Holiday Wine Pairings, Carolinas Style

by Jeff Harding
Antoinette Bruno
December 2013


Our recent travels in search of Carolinas Rising Stars inspired a Carolinas-themed holiday dinner, featuring some of our favorite chefs with wines paired by top (Sherry-loving) sommeliers in the region. Our dream meal covered a few locales, but this is the version of fantasy football: imagining favorite dishes from all over, in one sitting.

At The Fearrington House in Pittsboro, North Carolina, Chef Colin Bedford’s Chanterelle Risotto is a stunning example of robust flavors and top-notch technique. Paired with four different beverages, it shows how a classic dish can be interpreted many ways. With an imaginative mind that never rests, Chef Nathan Allen takes a suckling pig in new directions, though our trio of somms suggests going even further. Finally, Daniel Benjamin takes the sweet potato out of the casserole, and spins a dessert wonder that is supported by pairings we suggest you stock up on for whatever holiday meals you have planned.

First Course

Chanterelle and Carolina Moon Risotto with Foie Gras Snow, Golden Raisins, Zucchini, and Chives
Chanterelle and Carolina Moon Risotto with Foie Gras Snow, Golden Raisins, Zucchini, and Chives

FIRST COURSE: Chanterelle Risotto, Carolina Moon Cheese, Foie Gras, and Apple Espuma
from Chef
Colin Bedford of Fearrington House – Pittsboro, NC

Wine Director Maximilian Kast of Fearrington House – Pittsboro, NC
Kast chose Cesar Florido, Cruz del Mar, Oloroso, Chipiona, Jerez, Spain, from the coastal town of Chipiona. “This Oloroso Sherry brings strong aromas of orange peel, caramel, and walnuts, and on the palate it has a rich mouth feel. It’s dry, but has a nice balance of fruit and umami flavors. It’s that balance that makes this an ideal pairing for the risotto, with the umami playing off the earthy element of the chanterelle mushrooms and the richness standing up to the Carolina Moon Cheese and foie gras.”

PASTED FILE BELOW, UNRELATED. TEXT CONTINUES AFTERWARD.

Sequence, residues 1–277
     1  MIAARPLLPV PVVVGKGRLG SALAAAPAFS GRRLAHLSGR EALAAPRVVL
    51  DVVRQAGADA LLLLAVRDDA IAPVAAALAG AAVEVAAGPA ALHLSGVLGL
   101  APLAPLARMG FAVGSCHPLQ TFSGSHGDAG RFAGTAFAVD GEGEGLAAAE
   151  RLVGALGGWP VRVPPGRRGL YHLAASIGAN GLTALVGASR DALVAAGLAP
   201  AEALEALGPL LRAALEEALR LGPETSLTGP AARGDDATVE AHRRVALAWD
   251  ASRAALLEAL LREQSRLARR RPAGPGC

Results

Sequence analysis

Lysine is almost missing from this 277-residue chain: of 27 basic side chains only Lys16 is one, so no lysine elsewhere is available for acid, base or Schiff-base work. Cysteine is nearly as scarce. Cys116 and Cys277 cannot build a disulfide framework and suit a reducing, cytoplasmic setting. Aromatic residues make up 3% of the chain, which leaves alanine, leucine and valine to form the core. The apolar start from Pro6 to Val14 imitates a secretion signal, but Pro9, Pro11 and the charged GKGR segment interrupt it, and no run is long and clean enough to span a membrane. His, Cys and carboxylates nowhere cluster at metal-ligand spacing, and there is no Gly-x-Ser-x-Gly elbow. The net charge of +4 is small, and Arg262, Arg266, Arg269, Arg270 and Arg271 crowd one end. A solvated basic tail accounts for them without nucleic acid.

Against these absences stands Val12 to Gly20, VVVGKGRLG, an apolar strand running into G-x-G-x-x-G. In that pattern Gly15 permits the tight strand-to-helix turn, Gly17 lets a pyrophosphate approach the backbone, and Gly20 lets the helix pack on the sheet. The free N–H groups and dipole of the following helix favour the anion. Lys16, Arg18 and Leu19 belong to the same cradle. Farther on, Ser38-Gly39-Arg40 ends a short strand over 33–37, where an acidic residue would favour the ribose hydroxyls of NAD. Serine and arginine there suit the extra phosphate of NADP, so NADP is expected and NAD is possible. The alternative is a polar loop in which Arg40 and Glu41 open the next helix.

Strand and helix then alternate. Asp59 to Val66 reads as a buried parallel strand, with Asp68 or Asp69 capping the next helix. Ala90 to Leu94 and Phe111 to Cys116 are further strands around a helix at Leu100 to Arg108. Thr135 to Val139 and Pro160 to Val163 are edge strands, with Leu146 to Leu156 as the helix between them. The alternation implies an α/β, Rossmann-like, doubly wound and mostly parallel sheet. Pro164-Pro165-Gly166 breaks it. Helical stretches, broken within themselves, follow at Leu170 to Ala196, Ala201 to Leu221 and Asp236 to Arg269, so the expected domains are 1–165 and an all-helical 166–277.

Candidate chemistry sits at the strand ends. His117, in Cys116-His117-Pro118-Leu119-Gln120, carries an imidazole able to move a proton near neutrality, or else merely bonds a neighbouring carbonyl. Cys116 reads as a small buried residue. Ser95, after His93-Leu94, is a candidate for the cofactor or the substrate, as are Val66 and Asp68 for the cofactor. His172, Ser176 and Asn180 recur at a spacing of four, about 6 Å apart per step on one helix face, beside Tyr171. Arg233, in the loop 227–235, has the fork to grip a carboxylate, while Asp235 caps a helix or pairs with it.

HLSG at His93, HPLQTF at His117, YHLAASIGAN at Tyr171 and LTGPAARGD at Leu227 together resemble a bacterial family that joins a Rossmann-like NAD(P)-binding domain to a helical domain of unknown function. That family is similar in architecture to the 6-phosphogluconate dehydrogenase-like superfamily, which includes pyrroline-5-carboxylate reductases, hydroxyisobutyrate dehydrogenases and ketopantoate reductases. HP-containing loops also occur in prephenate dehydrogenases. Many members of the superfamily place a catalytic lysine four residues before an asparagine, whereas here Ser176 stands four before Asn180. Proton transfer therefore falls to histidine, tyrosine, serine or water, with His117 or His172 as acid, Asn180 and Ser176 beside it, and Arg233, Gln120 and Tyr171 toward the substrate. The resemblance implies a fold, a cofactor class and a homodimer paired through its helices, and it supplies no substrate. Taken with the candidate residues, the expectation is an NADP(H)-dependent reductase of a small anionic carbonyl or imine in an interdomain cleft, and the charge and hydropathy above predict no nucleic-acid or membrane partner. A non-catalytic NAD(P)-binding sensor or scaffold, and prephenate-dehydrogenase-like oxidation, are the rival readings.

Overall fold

Beverage Director Michael Maller of Mateo – Durham, NC
Maller gets to wear two hats, pairing wine at Vin Rouge,(where he is the general manager and beverage director), which is a product-driven, traditional French bistro and at Mateo, a Spanish tapas bar with a Southern inflection. At Mateo, Maller would pair Foggy Ridge Serious Cider, while at Vin Rouge, he would pair Domaine Huet Vouvray Pettillant, 2009. Maller explains, “Both [beverages] have plenty of acidity and a bit of carbonation to stand up to the richness of the foie gras and the cheese.  The fruit flavors in the cider and the petillant Vouvray will enhance the subtle fruit-like character of Chanterelle mushrooms as well as the apple espuma.”

Service Director Felix Meana of Cúrate - Asheville, NC
Meana curates a list composed only of wines from Spain, and would pour 1991 Lopez de Heredia Viña Tondonia Blanco, “Gran Reserva” Rioja. “The aroma and flavors of mushrooms, earth, citrus, and green apples in the wine reflect those same notes in the dish.” He explains, “The wine works well with the cheeses too, and having some age, that will go well with the foie, too. An incredible white, aged but still fresh!”

Main Course

Suckling Pig Stuffed with Chili Cornbread, Roasted Chestnuts, Buttermilk, and Crown Pumpkin
Suckling Pig Stuffed with Chili Cornbread, Roasted Chestnuts, Buttermilk, and Crown Pumpkin